Bring Your Own Device (BYOD) has a long history: We have been fighting with mobile USB hard drives for more than 20 years. They're huge compared with whatever storage is on the server and being backed up. We look around and find a 250 GB hard drive here and a 500 GB hard drive there. They get attached to the network, taken home, and moved about with no record whatsoever.
More importantly, at our fingertips we have laptops, smart phones, tablets, Kindles, iPads and whatever they come up with next.
Devices get connected to the network. Data, security codes, client information and all kinds of information gets moved between devices and the network. Devices are taken home, connected together, and who knows what.
It doesn't take much imagination to see that data ends up where it doesn't belong: into security holes big enough to drive a truck through.
So what happens to this vital data that slips through the net? The upshot is that important company data becomes spread all over a series of devices with no controls whatsoever. This is very scary for IT Pros, even if clients don't appear to care!
Even if employees aren’t engaging in espionage, BYOD causes company data to be distributed across a variety of devices, not owned or controlled by the company. And, as a rule, these devices are easily lost or stolen. There's a huge market for scraping the data off lost and stolen devices.
Clients have always relied on companies such as LOGICnow to just take care of things, especially for backup functions if important data goes missing. They haven't had a bad experience (security breach, etc.). Therefore, they think we can keep doing whatever magic we do and protect them forever.
Clients honestly don't know how much danger they are in.
On top of all that, they are naturally resistant to passwords and complex security. So jumping through hoops to get devices connected is a tough sell.
Whether they like it or not, or whether they want it or not, we need to push them to deploy a BYOD policy for IT employees. Just smart phones and iPads alone are enough to justify this action; creating a policy forces them to bring the issues to the front of their mind.
[ Company Name ] BYOD ("Bring Your Own Device") Policy
[ Company Name ] acknowledges that the use of Personal Electronic Devices (including but not limited to laptop computers, tablets and smart phones) contributes to the effectiveness of our employees. This policy is established to govern the use of Personal Electronic Devices (PEDs) that access resources owned and managed by the company.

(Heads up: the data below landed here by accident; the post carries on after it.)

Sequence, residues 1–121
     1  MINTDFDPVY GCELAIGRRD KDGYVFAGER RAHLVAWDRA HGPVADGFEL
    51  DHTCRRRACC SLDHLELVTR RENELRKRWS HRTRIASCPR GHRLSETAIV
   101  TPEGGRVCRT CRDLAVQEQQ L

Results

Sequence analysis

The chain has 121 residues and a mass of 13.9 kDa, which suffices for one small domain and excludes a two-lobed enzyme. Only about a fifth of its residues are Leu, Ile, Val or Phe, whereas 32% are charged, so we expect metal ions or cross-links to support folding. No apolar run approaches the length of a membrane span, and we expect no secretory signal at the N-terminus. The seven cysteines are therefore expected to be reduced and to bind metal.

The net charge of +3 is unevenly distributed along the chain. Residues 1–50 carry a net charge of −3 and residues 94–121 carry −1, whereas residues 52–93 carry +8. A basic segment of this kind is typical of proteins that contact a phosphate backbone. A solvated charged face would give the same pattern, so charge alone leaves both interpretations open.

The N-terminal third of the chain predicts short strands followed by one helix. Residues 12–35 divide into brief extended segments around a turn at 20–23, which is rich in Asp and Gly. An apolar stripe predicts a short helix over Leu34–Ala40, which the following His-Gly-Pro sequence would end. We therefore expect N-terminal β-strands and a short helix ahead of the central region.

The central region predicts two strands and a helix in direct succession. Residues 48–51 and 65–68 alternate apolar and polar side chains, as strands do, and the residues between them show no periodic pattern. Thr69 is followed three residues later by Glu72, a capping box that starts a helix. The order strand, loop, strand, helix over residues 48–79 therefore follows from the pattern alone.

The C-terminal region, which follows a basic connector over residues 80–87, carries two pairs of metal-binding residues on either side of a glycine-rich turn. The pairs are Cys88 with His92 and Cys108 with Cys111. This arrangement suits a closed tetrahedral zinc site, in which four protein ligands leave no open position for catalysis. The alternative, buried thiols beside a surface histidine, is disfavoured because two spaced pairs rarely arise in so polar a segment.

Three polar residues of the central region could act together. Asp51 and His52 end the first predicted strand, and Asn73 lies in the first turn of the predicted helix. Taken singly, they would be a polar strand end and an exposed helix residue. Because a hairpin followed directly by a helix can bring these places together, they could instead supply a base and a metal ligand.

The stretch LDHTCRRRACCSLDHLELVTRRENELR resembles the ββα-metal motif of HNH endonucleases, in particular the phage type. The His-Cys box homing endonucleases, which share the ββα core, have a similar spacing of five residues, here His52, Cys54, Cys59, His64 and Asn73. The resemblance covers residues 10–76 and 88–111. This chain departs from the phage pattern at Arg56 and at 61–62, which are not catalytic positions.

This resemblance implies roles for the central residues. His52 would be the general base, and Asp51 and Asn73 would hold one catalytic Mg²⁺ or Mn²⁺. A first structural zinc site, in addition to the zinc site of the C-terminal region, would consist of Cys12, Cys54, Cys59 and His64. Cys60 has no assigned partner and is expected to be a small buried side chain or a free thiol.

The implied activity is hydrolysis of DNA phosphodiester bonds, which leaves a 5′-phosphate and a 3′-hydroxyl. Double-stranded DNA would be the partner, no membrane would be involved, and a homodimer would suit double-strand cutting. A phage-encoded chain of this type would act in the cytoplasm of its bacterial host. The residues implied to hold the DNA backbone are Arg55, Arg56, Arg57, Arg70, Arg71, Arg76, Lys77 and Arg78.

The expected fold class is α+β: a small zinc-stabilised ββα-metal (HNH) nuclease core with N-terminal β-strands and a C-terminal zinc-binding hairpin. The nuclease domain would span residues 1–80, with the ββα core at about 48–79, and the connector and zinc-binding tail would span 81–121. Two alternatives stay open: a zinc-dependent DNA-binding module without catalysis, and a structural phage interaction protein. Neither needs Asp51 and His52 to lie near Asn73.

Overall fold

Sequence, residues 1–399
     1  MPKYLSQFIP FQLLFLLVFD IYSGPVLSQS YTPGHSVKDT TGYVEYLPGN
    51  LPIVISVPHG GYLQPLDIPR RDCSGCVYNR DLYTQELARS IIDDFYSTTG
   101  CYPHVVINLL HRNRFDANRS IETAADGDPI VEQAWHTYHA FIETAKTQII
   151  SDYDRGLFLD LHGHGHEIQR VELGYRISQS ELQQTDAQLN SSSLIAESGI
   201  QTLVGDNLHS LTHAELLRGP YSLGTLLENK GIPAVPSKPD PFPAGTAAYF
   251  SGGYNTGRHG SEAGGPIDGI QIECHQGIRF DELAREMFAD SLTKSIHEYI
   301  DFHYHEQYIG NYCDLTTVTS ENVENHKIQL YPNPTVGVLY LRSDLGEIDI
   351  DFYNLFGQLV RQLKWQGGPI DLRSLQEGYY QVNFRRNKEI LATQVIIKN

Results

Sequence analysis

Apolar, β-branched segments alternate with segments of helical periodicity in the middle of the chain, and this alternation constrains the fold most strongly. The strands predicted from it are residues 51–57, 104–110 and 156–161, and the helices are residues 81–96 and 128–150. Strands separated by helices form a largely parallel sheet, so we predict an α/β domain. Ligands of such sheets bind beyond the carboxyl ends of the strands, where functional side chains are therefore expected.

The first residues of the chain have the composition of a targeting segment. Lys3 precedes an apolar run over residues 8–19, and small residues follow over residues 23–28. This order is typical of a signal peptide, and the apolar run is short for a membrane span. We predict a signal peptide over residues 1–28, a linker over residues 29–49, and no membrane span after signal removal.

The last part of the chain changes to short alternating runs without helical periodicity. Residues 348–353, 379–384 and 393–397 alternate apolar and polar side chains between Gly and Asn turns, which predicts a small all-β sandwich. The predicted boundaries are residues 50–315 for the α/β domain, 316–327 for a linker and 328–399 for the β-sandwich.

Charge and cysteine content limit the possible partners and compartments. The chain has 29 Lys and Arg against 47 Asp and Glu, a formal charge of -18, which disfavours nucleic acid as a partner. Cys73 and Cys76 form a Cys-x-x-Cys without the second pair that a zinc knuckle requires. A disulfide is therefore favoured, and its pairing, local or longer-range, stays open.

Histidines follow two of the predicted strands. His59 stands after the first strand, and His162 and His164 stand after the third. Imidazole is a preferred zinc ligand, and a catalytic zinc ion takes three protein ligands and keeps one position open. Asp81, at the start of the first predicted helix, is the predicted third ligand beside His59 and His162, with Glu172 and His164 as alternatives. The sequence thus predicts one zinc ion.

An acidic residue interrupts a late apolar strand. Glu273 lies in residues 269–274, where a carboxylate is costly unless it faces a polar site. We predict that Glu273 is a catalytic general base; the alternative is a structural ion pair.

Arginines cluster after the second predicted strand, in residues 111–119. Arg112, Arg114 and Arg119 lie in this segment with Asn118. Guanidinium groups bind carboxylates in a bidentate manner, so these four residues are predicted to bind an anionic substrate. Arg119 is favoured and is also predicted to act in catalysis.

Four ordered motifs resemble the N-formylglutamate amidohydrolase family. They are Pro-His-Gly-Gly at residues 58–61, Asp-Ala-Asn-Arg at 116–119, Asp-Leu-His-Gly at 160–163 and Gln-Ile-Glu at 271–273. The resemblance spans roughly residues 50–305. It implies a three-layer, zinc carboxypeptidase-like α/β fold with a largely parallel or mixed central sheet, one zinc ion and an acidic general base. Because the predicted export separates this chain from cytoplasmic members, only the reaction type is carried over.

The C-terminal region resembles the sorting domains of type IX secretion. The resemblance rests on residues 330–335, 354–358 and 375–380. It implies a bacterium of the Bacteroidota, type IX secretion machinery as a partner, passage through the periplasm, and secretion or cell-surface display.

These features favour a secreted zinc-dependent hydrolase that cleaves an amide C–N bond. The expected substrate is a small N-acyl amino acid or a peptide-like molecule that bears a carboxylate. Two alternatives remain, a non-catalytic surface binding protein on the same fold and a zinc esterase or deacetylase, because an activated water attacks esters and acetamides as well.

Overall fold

The company may from time-to-time publish lists of devices that may or may not be used to access company resources. Please contact our IT Service Provider if you have questions about devices that may be used to access company resources.
Every PED used to access company resources must be approved before it is used to access company resources. Every PED must have our management agent installed before accessing company resources.
Please note the following guidelines:
If your device allows for selective remote wiping of data, you may elect to have only the company-related data wiped.
[ Company Name ] pays a [ monthly / quarterly / annual ] stipend of [$_____] to the employee to compensate for the "company use" of a PED. This is the only compensation associated with this policy.
You might notice that this policy is designed to be partly enforcement-oriented and partly educational. Clients need a bit of cold water in the face around security sometimes. They put a premium on ease of use. You need to make sure they understand the balance between "easy" and secure.
It's also the case that forewarning clients a bit will help them to accept that a policy is a good idea. Having a policy such as this is critically important for clients subject to HIPAA, SOX or other compliance standards. But remember, most of the time you can comply with those policies simply by employing best practices.
These are best practices.
(Used with permission of Karl W. Palachuk, SmallBizThoughts.com)
LOGICnow recommends Three Take-Aways from this chapter: